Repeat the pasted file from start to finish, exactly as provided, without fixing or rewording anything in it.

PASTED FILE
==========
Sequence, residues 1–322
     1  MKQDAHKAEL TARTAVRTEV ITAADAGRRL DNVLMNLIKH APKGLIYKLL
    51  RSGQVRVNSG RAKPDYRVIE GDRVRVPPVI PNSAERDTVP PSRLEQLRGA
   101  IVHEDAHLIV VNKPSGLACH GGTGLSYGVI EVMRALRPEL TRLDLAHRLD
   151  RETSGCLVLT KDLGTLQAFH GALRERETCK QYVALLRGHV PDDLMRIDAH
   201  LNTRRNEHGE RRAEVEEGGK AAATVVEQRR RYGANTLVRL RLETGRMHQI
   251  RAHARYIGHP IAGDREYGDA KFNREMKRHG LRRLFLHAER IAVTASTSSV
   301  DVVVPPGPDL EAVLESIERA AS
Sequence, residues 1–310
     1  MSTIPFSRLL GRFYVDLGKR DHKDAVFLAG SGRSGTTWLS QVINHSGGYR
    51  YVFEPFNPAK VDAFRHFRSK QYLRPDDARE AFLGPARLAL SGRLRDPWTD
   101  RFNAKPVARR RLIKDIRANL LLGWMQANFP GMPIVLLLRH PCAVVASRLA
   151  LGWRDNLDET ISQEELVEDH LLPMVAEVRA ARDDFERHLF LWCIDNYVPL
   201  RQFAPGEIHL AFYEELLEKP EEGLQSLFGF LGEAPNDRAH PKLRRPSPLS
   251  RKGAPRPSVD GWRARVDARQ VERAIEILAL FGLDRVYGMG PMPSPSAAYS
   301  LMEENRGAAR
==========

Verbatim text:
Sequence, residues 1–322
     1  MKQDAHKAEL TARTAVRTEV ITAADAGRRL DNVLMNLIKH APKGLIYKLL
    51  RSGQVRVNSG RAKPDYRVIE GDRVRVPPVI PNSAERDTVP PSRLEQLRGA
   101  IVHEDAHLIV VNKPSGLACH GGTGLSYGVI EVMRALRPEL TRLDLAHRLD
   151  RETSGCLVLT KDLGTLQAFH GALRERETCK QYVALLRGHV PDDLMRIDAH
   201  LNTRRNEHGE RRAEVEEGGK AAATVVEQRR RYGANTLVRL RLETGRMHQI
   251  RAHARYIGHP IAGDREYGDA KFNREMKRHG LRRLFLHAER IAVTASTSSV
   301  DVVVPPGPDL EAVLESIERA AS
Sequence, residues 1–310
     1  MSTIPFSRLL GRFYVDLGKR DHKDAVFLAG SGRSGTTWLS QVINHSGGYR
    51  YVFEPFNPAK VDAFRHFRSK QYLRPDDARE AFLGPARLAL SGRLRDPWTD
   101  RFNAKPVARR RLIKDIRANL LLGWMQANFP GMPIVLLLRH PCAVVASRLA
   151  LGWRDNLDET ISQEELVEDH LLPMVAEVRA ARDDFERHLF LWCIDNYVPL
   201  RQFAPGEIHL AFYEELLEKP EEGLQSLFGF LGEAPNDRAH PKLRRPSPLS
   251  RKGAPRPSVD GWRARVDARQ VERAIEILAL FGLDRVYGMG PMPSPSAAYS
   301  LMEENRGAAR